Chin puts new spin on Greek play

Bernie Rejon

Sharida Rejon, Features Editor

The Bakersfield College Theater Department is getting ready for its annual spring production with the Greek tragedy “Trojan Women,” which will open early April.
Kimberly Chin, the director of the show, chose to do this play after she ran into some problems with the rights for the show she had originally planned for this year.
“Since I directed an ancient Greek comedy last spring, I said that maybe the rights not being available for the other play was a sign that I should do the flip side and direct an ancient Greek tragedy,” Chin said.
According to Reg Autwell, stage manager of the show, BC’s production of “Trojan Women” is a unique take on a classic story.
“The show is a Greek tragedy that takes place in a post-apocalyptic time,” Autwell said. “It has some Greek history and words with post-apocalyptic outfits.”
Amanda Duke, who portrays high priestess Cassandra, says that the nature of her character has been challenging, but embraces the individuality of the production.
“Kim always has a different edge that she wants us as actors to approach in every one of her plays, which is challenging, but it only makes us more excited for the first night when we surprise the audience with something they totally are not expecting,” Duke said. “The way this play is unique is the fact that, unlike most Greek plays that are set in ancient Greece, our director decided that it will be set in the distant future, after a global disaster has rendered the world hostile, supplies scarce, and humanity reduced to warring city states, all of them are under the mysterious control of our extraterrestrial gods.”
“Trojan Women” counts with a cast of over 22 members, including a plentiful amount of newcomers, as well as veteran actors.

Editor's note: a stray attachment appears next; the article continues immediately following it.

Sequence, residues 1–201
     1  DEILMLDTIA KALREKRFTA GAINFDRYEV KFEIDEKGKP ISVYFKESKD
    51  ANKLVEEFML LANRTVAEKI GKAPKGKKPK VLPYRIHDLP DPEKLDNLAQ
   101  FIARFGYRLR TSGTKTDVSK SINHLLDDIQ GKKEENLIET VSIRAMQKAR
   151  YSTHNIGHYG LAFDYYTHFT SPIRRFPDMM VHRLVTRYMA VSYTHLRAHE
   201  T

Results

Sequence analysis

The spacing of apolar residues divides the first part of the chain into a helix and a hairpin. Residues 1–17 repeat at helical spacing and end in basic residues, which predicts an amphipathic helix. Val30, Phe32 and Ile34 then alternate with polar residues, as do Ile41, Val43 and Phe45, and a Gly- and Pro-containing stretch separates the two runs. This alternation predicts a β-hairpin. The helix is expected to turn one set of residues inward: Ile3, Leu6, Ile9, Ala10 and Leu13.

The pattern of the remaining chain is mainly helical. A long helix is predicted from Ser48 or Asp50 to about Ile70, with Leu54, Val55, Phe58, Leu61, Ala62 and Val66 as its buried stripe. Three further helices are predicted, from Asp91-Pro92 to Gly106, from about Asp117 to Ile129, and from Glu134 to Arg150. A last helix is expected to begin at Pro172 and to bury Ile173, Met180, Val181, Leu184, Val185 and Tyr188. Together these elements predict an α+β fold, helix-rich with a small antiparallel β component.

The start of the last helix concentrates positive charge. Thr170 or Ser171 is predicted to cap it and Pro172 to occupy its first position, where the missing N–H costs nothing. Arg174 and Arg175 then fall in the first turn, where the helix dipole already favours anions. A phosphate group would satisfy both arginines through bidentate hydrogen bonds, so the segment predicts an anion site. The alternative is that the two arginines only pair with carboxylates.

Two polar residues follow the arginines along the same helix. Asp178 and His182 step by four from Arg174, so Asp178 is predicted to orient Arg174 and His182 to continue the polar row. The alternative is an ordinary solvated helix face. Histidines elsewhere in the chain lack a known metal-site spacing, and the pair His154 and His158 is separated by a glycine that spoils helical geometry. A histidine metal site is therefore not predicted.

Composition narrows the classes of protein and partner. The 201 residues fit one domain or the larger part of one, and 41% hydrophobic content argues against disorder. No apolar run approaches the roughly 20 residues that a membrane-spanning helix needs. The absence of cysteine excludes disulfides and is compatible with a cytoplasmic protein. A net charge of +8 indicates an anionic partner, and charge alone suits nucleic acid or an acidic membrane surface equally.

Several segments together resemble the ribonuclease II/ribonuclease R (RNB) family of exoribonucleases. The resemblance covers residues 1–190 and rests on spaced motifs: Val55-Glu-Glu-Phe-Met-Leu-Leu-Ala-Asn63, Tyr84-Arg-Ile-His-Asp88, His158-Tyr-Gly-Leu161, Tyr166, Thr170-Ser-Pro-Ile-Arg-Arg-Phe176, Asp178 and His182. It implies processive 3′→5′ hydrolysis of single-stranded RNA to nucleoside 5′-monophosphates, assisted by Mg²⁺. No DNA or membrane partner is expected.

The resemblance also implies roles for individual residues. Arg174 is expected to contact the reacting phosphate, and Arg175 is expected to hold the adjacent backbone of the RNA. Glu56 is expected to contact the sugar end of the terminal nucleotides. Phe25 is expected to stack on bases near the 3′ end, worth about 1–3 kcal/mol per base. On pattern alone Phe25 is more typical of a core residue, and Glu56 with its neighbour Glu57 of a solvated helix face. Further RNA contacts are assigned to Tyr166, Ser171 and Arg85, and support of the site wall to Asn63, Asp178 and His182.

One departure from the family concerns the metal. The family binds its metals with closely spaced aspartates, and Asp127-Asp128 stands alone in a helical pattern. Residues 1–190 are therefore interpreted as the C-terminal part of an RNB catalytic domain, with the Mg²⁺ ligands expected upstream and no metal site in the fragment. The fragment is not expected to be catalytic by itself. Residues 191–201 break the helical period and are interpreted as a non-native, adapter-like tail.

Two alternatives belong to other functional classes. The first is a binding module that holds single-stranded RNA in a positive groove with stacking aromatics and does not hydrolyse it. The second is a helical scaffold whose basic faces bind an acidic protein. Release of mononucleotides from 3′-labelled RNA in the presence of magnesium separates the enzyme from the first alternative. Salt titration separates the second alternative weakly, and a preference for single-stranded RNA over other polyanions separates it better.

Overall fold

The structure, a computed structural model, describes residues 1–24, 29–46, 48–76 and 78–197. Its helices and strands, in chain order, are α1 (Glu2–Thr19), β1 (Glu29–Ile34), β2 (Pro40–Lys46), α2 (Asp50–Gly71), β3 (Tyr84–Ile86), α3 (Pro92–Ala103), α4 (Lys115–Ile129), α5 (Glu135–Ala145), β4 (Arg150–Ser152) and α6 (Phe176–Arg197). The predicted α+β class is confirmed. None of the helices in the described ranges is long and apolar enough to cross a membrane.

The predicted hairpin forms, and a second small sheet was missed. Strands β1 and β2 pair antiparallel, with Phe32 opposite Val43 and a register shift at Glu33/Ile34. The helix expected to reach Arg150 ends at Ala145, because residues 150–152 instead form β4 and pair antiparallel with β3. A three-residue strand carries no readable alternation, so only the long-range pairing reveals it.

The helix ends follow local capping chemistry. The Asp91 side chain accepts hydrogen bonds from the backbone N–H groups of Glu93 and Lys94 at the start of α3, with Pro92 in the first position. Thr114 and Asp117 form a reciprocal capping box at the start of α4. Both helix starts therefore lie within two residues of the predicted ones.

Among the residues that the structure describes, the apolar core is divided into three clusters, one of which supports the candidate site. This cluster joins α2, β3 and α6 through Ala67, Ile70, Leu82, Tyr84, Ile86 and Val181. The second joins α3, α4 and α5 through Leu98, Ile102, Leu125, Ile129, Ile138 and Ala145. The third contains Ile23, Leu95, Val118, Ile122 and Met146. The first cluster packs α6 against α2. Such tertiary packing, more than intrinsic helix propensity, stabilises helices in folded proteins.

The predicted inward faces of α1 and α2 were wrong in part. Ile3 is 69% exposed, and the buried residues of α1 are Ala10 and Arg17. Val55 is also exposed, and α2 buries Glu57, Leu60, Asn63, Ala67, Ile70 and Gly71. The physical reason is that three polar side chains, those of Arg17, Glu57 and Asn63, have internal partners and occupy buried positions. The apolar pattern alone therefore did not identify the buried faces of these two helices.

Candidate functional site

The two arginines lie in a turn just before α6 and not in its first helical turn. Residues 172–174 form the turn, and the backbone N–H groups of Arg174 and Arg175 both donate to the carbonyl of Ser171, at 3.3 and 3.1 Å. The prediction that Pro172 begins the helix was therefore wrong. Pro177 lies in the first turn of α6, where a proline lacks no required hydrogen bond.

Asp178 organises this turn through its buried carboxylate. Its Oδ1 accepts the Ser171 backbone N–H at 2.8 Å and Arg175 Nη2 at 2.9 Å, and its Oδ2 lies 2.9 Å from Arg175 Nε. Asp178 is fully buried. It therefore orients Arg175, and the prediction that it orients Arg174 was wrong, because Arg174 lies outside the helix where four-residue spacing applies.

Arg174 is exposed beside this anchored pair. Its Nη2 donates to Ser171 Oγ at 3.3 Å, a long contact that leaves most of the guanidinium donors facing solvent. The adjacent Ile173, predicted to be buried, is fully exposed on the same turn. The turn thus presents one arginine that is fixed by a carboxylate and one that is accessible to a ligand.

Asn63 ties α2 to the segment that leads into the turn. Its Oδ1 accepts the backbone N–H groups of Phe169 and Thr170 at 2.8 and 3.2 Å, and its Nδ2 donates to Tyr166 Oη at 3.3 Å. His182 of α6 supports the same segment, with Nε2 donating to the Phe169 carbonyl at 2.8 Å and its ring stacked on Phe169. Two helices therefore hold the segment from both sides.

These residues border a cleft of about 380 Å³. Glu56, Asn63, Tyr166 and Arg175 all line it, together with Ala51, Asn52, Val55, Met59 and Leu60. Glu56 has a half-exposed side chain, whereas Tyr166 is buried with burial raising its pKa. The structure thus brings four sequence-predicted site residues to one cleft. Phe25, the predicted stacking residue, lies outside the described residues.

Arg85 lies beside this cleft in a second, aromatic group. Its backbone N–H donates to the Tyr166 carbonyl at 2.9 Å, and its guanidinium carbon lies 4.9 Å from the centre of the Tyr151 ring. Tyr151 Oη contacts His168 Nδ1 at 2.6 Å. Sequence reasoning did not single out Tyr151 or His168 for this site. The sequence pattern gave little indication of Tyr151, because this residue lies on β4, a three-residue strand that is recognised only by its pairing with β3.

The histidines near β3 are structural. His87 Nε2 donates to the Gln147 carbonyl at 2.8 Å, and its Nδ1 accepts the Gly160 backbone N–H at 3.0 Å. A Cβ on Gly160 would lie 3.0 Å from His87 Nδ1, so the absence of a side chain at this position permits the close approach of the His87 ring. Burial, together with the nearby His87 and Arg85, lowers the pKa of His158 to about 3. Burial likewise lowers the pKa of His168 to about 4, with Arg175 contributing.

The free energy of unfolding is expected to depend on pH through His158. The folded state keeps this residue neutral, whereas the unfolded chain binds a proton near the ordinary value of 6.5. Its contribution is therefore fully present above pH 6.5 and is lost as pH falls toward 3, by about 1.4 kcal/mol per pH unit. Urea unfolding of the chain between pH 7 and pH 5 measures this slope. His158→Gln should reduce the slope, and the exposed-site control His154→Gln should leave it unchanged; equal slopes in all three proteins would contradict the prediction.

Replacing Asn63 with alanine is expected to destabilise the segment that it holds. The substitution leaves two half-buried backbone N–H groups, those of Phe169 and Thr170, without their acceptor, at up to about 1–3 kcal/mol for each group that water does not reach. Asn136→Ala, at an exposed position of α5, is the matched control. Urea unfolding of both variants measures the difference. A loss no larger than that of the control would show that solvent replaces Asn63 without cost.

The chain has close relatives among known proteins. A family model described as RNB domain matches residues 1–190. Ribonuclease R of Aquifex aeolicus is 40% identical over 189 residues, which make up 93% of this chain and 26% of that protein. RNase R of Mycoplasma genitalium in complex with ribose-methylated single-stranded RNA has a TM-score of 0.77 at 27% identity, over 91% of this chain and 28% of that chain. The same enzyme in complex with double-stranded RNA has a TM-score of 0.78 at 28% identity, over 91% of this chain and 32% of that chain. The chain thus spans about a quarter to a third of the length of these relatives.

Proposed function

“This will be several students’ first production, so I’m especially excited for them,” said Chin. “We are blessed with several talented actors in our BC Theater Department, I couldn’t do the show without them.”
One of the most experienced actors is Morgan Von Sydow, who portrays the Greek God Poseidon.
“This story was written about 416 B.C. by Euripides in protest of the unforgiving siege of Melos by the Athenians,” he said. “It is amazing how this story has lasted for so long because of its deeply relevant themes like how the horrors of war can be utterly demoralizing on pretty much everyone. This is no doubt a tragic play, but it is also a thought-provoking one.”
The cast and crew are hoping for a good turnout.
“With our extremely creative director and our array of really talented performers and crew members,” Von Sydow said. “I strongly believe that we will leave our audiences with something to talk about in the end.
“Trojan Women” will open on April 4 and continue to run April 5-6 and April 11-13. The show will be performed in the outdoor area between the Fine Arts building and the Auto Technology building. All performances begin at 8 p.m., with the gates opening at 7:30 p.m. General admission will be $5.50, and $3.50 for students, staff, faculty, seniors, and military. Due to some mature content, no one under the age of six will be admitted.